The Fractal Nature of Inequality in a Fast Growing World
In this paper we investigate wealth inequality/polarization properties related to the support of the limit distribution of wealth in innovative economies characterized by uninsurable individual risk. We work out two simple successive generation examples, one with stochastic human capital accumulation and one with R&D, and prove that intense technological progress makes the support of the wealth distribution converge to a fractal Cantor-like set. Such limit distribution implies the disappearance of the middle class, with a “gap” between two wealth clusters that widens as the growth rate becomes higher. Hence, we claim that in a highly meritocratic world in which the payoff of the successful individuals is high enough, and in which social mobility is strong, societies tend to become unequal and polarized. We also show that a redistribution scheme financed by proportional taxation does not help cure society’s inequality/polarization – on the contrary, it might increase it – whereas random taxation may well succeed in filling the gap by giving rise to an artificial middle class, but it hardly makes such class sizeable enough. Finally, we investigate how disconnection, a typical feature of Cantor-like sets, is related to inequality in the long run.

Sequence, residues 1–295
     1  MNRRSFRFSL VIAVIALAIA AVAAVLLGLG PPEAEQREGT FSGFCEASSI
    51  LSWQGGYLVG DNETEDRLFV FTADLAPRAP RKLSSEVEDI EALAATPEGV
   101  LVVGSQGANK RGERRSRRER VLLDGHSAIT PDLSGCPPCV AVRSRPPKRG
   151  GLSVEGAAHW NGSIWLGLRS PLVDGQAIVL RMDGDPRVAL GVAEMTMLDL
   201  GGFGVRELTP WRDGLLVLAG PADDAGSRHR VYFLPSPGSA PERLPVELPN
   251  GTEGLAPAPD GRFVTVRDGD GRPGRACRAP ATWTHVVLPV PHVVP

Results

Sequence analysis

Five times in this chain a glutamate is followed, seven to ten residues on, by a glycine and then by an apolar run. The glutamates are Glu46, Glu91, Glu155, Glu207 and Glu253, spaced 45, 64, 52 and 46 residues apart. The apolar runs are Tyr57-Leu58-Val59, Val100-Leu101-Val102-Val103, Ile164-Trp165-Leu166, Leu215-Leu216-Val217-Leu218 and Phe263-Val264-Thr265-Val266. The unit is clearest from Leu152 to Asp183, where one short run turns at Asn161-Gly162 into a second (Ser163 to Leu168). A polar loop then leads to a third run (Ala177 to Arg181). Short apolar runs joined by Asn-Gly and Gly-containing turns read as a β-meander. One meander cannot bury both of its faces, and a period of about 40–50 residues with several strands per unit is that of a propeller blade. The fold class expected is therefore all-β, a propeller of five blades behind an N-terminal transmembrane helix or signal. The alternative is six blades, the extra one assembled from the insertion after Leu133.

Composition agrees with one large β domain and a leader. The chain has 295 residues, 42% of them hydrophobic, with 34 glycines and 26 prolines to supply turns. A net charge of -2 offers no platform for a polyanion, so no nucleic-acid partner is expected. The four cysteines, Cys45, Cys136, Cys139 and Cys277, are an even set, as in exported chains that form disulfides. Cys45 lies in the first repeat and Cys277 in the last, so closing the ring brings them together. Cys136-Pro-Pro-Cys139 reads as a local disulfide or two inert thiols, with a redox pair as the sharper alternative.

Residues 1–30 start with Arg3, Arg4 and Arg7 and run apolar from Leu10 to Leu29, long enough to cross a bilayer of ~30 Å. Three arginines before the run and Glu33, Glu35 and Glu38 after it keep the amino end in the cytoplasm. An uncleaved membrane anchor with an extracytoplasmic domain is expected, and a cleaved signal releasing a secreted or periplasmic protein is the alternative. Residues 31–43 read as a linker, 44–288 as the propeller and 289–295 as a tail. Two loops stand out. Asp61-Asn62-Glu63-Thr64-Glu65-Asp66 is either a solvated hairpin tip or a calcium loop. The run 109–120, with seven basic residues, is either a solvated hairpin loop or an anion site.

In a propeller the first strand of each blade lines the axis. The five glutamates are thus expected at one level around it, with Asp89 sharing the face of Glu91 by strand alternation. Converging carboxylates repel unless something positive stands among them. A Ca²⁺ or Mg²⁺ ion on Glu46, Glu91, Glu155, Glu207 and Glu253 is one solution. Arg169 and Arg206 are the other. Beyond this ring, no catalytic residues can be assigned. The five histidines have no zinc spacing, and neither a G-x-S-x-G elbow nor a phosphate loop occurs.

To our knowledge, this item is not available for
download. To find whether it is available, there are three
1. Check below under "Related research" whether another version of this item is available online.
2. Check on the provider's web page whether it is in fact available.
3. Perform a search for a similarly titled item that would be available.
|Date of creation:||Dec 2007|
|Date of revision:|
|Contact details of provider:|| Postal: Adam Smith Building, Glasgow G12 8RT|
Phone: 0141 330 4618
Fax: 0141 330 4940
Web page: http://www.gla.ac.uk/schools/business/research/
More information through EDIRC
Please report citation or reference errors to , or , if you are the registered author of the cited work, log in to your RePEc Author Service profile, click on "citations" and make appropriate adjustments.:
- Roland Benabou, 1996.
"Inequality and Growth,"
NBER Working Papers
5658, National Bureau of Economic Research, Inc.
- repec:dau:papers:123456789/10091 is not listed on IDEAS
- Esteban, J. & Ray, D., 1993.
"On the Measurement of Polarization,"
UFAE and IAE Working Papers
221.93, Unitat de Fonaments de l'Anàlisi Econòmica (UAB) and Institut d'Anàlisi Econòmica (CSIC).
- Joan-Maria Esteban & Debraj Ray, 1991. "On the Measurement of Polarization," Boston University - Institute for Economic Development 18, Boston University, Institute for Economic Development.
- Esteban, J.M. & Ray, D., 1992. "On the Measurement of Polarization," UFAE and IAE Working Papers 171.92, Unitat de Fonaments de l'Anàlisi Econòmica (UAB) and Institut d'Anàlisi Econòmica (CSIC).
- Galor, Oded & Zeira, Joseph, 1988.
"Income Distribution and Macroeconomics,"
51644, University Library of Munich, Germany, revised 01 Sep 1989.
- Brock, William A. & Mirman, Leonard J., 1972. "Optimal economic growth and uncertainty: The discounted case," Journal of Economic Theory, Elsevier, vol. 4(3), pages 479-513, June.
- Mitra, Tapan & Privileggi, Fabio, 2003. "Cantor Type Invariant Distributions in the Theory of Optimal Growth under Uncertainty," Working Papers 03-09, Cornell University, Center for Analytic Economics.
- Mitra, Tapan & Privileggi, Fabio, 2005. "Cantor Type Attractors in Stochastic Growth Models," POLIS Working Papers 43, Institute of Public Policy and Public Choice - POLIS.